The 2016 Global Sustainable Investment Review estimates that around $12tn of European assets are invested in sustainable and responsible investment strategies. While the majority is held by institutional investors, the proportion of the socially responsible (SRI) assets owned by individual investors has surged to 22% of the total amount, up from 3.4% in 2014. This highlights the growing popularity for this type of impact investing amongst retail investors.
You are able to invest in a broad number of sustainable and responsible companies using SRI exchange traded funds (ETFs). These seek to track a basket of companies deemed to be sustainable or having a low negative social impact.
Each SRI ETF tracks an SRI index, created by index providers such as MSCI. This is why it is common to see the name of the index provider included in the name of the ETF. For instance, iShares MSCI Emerging Markets SRI UCITS ETF looks to mimic the returns of the MSCI Emerging Markets SRI Index, less the annual fee charged by the ETF. There are different ways in which socially responsible indices can be created. The two most common methods are:
Exclusionary screening: companies in industries such as gambling and tobacco are simply removed from the index
Focus on ESG factors: companies scoring highly on environmental, social, and governance, or ESG, concerns are given a higher weight in the index. For instance, Company A will receive a relatively higher weight than Company B if Company A's carbon footprint is lower than Company's B.
While some people may think that excluding a tranche of companies could compromise performance, in fact the opposite can be true. There is evidence to suggest that by excluding controversial companies, returns can indeed be enhanced.
iShares and UBS are the only ETF providers to offer an extensive range of socially responsible ETFs. But we believe this will change as the demand for this type of product continues to grow. Below we take a look at six ETFs that you may consider investing in to make your portfolio more socially responsible.
Six to consider:
iShares Dow Jones Global Sustainability Screened UCITS ETF ‚Äî IGSG
IGSG provides a solid core to any socially responsible portfolio. It invests in a range of global companies but excludes those involved in industries such as weapons manufacturing and adult entertainment. Its expense ratio of 0.6% is admittedly higher than some of our favourite low-cost global ETFs ‚Äî see HSBC MSCI World UCITS ETF (HMWO) which charges just 0.15% for comparison. However, it has outperformed HSBC's offering by an impressive 0.78% so far this year, proving itself as value for money as well as promoting sustainable investing.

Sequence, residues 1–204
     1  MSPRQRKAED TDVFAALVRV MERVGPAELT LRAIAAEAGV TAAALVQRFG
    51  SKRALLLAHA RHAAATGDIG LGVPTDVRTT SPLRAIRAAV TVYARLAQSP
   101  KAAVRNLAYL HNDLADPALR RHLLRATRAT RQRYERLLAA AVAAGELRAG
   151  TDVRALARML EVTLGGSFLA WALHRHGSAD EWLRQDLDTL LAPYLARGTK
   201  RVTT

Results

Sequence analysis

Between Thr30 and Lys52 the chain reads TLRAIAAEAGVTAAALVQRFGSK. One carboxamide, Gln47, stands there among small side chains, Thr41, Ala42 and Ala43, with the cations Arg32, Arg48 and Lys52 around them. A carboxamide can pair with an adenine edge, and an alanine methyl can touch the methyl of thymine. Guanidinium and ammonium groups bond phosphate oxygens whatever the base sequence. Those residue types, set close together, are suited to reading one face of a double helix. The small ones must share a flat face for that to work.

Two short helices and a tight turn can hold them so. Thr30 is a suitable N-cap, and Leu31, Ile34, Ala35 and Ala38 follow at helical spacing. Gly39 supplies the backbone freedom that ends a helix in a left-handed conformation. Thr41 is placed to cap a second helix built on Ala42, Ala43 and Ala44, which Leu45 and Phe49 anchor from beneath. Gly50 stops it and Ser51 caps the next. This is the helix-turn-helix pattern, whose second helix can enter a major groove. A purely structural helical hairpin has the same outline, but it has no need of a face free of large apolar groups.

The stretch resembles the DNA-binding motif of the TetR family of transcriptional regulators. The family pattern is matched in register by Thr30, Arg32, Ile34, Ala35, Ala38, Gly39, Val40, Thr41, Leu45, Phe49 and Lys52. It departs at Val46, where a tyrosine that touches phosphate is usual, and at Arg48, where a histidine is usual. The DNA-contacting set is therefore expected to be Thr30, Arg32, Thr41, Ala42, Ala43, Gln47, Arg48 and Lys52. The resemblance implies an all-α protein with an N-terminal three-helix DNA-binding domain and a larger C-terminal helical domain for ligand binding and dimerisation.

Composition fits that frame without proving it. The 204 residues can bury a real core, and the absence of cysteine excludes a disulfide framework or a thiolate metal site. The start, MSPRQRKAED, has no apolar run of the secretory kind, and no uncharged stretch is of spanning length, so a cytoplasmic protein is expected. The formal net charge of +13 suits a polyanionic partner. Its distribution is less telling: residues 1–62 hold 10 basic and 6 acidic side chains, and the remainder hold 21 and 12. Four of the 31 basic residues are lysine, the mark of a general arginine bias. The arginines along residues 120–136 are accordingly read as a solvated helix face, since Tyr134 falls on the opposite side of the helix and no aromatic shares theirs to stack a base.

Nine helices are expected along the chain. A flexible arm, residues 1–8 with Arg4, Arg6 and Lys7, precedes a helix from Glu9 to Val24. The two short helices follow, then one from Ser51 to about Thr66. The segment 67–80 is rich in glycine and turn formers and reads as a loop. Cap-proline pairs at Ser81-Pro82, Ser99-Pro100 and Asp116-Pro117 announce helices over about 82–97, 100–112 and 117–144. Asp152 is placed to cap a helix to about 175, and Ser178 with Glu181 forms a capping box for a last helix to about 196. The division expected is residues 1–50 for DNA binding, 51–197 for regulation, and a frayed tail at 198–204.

UBS MSCI United Kingdom IMI Socially Responsible UCITS ETF ‚Äî UKSR
If you are looking to invest in sustainable companies a little closer to home then UBS offer, you might be interested in UKSR which invests in 162 companies listed on the London Stock Exchange for an expense ratio of just 0.28% per year. Its performance since its inception in October 2014 is also impressive, outperforming the FTSE All Share Index by 4.5%.
UBS MSCI EMU SRI ETF ‚Äî UB39
UB39 allows investors to buy a basket of socially responsible stocks from across the Eurozone. Its average bid/ask spread is tight at 0.28 and it has €338 million in assets under management. It is also physically replicated and has an annual fee of 0.28%.
UBS MSCI Japan Socially Responsible UCITS ETF ‚Äî PSR
Japanese equities have so far had a mixed performance in 2017. Financials have lagged while the technology sector has performed strongly. JPSR is currently positioned to continue to perform well if this trend persists, with a higher exposure to tech stocks (+2.5%) and less to financials (-8.5%) relative to the wider TOPIX index. It has an expense ratio of 0.4%.
iShares MSCI Emerging Markets SRI UCITS ETF ‚Äî SUES
SUES won Best New Equity ETF in Europe at the 2016 ETF.com Awards and has outperformed its parent fund since its inception and achieved these returns whilst taking on less risk. This is in part due to a reduced exposure to China but also because it is invested in companies which are less likely to experience risks such as worker strikes and factory shutdowns. SUES is also priced very competitively with an expense ratio of just 0.35%.
iShares Global Clean Energy UCITS ETF ‚Äî INRG
For the contrarian investors out there, INRG may provide value for those looking to invest in a range of global companies which produce energy from solar, wind and other renewable sources. INRG fell 12% after Donald Trump won the US Presidential Election and although it has since returned to its pre-election price, it is still 11% cheaper relative to iShares MSCI World ETF (IWRLD) than it was in November last year. While recent rumours of a 'Solar Wall' along the US-Mexican border has helped boost the share price of US solar companies, it remains to be seen whether that actually happens.